If you believe that you have a valid argument against a pending foreclosure, you may want to go to court to fight the lender. You can respond to the lender’s lawsuit against you if the lender is using the judicial foreclosure process, or you can bring your own action in court if the lender is pursuing a non-judicial foreclosure. Defenses can be very technical and fact-specific, but generally a homeowner may want to challenge a foreclosure if the lender failed to follow the mortgage terms or the law in their state. You would need to show that this failure infringed on your rights.
For example, you might be able to stop or at least postpone a foreclosure if you did not receive proper notice of the foreclosure from the lender. Both state law and the terms of your mortgage may provide rules for the lender to follow if it decides to foreclose. Or you may be able to argue that the foreclosure resulted from errors by your mortgage servicer, such as failing to properly credit your payments and reporting that you missed them instead. If you have a right to reinstate your mortgage under state law or the terms of the mortgage, you can hold the mortgage servicer accountable for providing you with the incorrect reinstatement amount. Read more here about common errors and abuses by mortgage servicers.
Fighting a Judicial Foreclosure in Court
You will receive a summons and complaint at the outset of the lawsuit that the lender files when it is seeking a judicial foreclosure. If you want to fight the foreclosure, you should read these documents carefully and make sure that you respond within the deadline provided. You also will need to follow any court rules for your response, formally known as an answer. You may be able to reach a settlement with the lender outside court if it feels that your defense has merit. If the lender does not feel that you have a strong defense, it may file a motion for summary judgment.
A summary judgment motion is a way to dispose of a case without going through a full trial. The party seeking summary judgment argues that there is no genuine dispute of material fact and that the opposing party cannot prevail under the law. You would need to provide evidence to oppose the summary judgment motion. The judge will determine whether your defense can survive summary judgment, which means that you can proceed to trial. If the judge does not believe that you can make a defense, they will grant summary judgment to the lender and allow it to proceed with the foreclosure sale.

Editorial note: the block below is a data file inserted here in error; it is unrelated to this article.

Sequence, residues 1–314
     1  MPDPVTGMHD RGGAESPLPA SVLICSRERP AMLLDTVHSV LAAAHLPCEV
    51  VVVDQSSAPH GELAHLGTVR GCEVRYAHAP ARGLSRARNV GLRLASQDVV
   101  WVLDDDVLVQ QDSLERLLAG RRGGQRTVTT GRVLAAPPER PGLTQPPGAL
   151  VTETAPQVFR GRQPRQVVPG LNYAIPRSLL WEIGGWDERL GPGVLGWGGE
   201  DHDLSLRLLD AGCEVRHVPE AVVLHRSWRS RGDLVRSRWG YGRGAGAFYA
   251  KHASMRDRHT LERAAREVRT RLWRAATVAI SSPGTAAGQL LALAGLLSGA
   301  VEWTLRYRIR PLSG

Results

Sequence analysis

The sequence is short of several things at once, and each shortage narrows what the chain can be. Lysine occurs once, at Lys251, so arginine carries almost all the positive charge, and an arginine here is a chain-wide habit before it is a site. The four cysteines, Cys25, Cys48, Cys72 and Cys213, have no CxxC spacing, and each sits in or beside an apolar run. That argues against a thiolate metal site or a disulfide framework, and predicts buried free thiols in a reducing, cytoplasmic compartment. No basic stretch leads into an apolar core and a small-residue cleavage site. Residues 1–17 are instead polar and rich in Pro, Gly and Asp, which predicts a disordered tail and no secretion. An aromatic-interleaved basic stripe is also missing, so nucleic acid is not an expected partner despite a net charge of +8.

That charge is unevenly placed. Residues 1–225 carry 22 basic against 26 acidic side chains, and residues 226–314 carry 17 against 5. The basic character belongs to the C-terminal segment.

Fighting a Non-Judicial Foreclosure in Court
While the lender starts the court process in a judicial foreclosure, the homeowner starts the court process in a non-judicial foreclosure. This has a critical impact on the burden of proof. The lender has the burden of proof in a judicial foreclosure lawsuit, while the homeowner has the burden of proof if they are bringing a lawsuit to stop a non-judicial foreclosure. This is because, in theory, the mortgage contract provides for the lender’s right to a foreclosure, so the homeowner would be asking the court to stop an otherwise permissible process.
The goal in a lawsuit against a non-judicial foreclosure is getting the court to issue an injunction against the foreclosure. This pauses the foreclosure until the judge rules on whether you have a defense or whether the foreclosure should move forward.
Understand Your Options in Advance
Going to court to fight a foreclosure may not be the right strategy in every situation. You should consider consulting an attorney who can advise you on whether you have a strong defense that makes the litigation worthwhile. An attorney also might be able to identify nuanced, technical defenses of which you might be unaware.
You should know that errors in your filings or arguments may result in inadvertently waiving certain rights or defenses. For example, if you respond to a foreclosure lawsuit on substantive grounds, you may lose the right to contest the court’s jurisdiction over the case. This might have been a basis to get the case dismissed if the lender had failed to follow the required procedures. Even if it did fail to follow the procedures, you could not get the case dismissed on this basis if you responded to the substance of the complaint.